Most countries require imported potatoes, if not all plant material and soil, to be free from Potato Cyst Nematodes (PCN). For seed exports, a phytosanitary certificate issued on the basis of a pre-crop soil test is a generally accepted means of assuring PCN freedom. As PCN cannot be detected by the visual inspection of harvested tubers, standard pre-export inspection for health and quality cannot confirm the presence or absence of cysts. Cyst detection at this stage necessitates laboratory examination. Information on countries requiring pre-export consignment tests for PCN is available on the Potato Export Conditions part of the Scottish Government website.
The soil for a consignment test is collected from a representative sample of bags of tubers, by staff from the Scottish Government Agriculture and Rural Delivery Division Area Offices. The number of bags chosen is on a sliding scale, from a minimum of 5 bags at 5 tonnes, to 10 at 20 tonnes, with a further bag for each additional 10 tonnes. It is important to keep soil contamination to a minimum, although it can be difficult to reduce the amount of soil to the 'dusting' demanded by some countries. The Scottish Government operates to a maximum soil tolerance of 0.5% by weight.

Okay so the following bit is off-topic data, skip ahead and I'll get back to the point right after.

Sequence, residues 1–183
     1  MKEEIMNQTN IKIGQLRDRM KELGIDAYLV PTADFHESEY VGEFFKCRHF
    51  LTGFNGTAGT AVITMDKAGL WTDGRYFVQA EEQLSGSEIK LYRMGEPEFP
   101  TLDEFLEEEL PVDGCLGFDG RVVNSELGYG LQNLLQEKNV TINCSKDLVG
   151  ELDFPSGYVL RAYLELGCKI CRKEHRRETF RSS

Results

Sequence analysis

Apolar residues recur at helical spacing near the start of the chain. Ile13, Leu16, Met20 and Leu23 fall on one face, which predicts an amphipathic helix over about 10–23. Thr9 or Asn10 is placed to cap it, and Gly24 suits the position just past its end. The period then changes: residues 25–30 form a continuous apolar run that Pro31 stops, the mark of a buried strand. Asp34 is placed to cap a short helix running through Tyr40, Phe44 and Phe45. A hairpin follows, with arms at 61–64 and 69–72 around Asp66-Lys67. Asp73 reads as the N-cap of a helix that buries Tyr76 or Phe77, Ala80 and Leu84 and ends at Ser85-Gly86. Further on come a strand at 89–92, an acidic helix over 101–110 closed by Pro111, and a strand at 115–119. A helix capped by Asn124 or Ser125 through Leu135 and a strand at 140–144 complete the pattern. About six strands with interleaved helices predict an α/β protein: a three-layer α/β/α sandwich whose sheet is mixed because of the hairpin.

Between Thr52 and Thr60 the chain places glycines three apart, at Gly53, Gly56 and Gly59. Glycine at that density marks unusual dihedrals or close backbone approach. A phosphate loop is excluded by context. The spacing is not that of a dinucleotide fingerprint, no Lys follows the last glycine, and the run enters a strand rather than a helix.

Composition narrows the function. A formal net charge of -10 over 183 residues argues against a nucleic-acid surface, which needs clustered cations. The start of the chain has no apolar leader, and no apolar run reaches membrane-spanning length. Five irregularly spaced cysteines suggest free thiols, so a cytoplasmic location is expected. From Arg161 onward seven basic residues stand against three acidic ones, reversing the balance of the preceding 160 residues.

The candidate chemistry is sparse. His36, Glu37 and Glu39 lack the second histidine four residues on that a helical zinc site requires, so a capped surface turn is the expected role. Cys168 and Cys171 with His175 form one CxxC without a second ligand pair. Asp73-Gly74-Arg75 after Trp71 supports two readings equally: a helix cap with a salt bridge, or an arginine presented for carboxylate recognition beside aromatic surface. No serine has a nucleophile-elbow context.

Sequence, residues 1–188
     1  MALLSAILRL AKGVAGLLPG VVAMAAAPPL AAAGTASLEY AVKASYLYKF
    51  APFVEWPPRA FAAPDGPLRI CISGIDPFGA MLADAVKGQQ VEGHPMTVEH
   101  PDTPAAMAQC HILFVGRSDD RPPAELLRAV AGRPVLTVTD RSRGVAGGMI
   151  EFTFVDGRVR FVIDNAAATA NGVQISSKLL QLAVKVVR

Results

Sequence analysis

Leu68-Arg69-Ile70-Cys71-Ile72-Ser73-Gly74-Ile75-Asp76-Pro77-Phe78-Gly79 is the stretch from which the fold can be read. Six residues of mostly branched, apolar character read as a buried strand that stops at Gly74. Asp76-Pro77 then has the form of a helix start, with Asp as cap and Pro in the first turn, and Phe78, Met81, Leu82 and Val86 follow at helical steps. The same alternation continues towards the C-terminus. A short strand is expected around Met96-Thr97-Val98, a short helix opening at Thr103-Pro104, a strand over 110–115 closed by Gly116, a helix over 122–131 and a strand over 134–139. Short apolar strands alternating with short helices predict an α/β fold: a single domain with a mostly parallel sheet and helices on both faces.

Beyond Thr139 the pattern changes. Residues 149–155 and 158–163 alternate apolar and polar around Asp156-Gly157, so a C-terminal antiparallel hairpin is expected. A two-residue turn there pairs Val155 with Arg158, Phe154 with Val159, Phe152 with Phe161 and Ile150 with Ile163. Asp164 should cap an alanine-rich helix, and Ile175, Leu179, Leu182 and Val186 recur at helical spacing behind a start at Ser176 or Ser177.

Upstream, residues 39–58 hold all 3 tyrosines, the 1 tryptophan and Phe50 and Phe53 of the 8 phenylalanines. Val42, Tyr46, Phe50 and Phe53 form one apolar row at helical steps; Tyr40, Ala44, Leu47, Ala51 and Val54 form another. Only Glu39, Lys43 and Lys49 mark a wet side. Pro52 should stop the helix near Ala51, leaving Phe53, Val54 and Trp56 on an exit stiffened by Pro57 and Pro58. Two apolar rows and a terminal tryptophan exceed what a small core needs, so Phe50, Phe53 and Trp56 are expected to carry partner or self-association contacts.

At SASA, the sample is prepared for examination by using a two sieve method. Larger samples may be processed using a fluidising column, or Trudgill Tower. Detection of any cysts present is achieved by visual examination of the extracts from the sieves.
If PCN cysts are found, the lot concerned cannot be exported or treated as seed. However, further lots from the same crop can be considered for sale, providing they are cleared by further soil testing.
If necessary, consignments from ware crops can be given phytosanitary clearance by a post-harvest field test, taken exactly as the pre-crop soil test, or by a consignment test on soil riddled from harvested tubers.
Results from consignment tests are issued via the agricultural officer from the the local Area Offices who collected the sample.
If you have any technical enquiries about consignment testing for PCN, please contact Jon Pickup.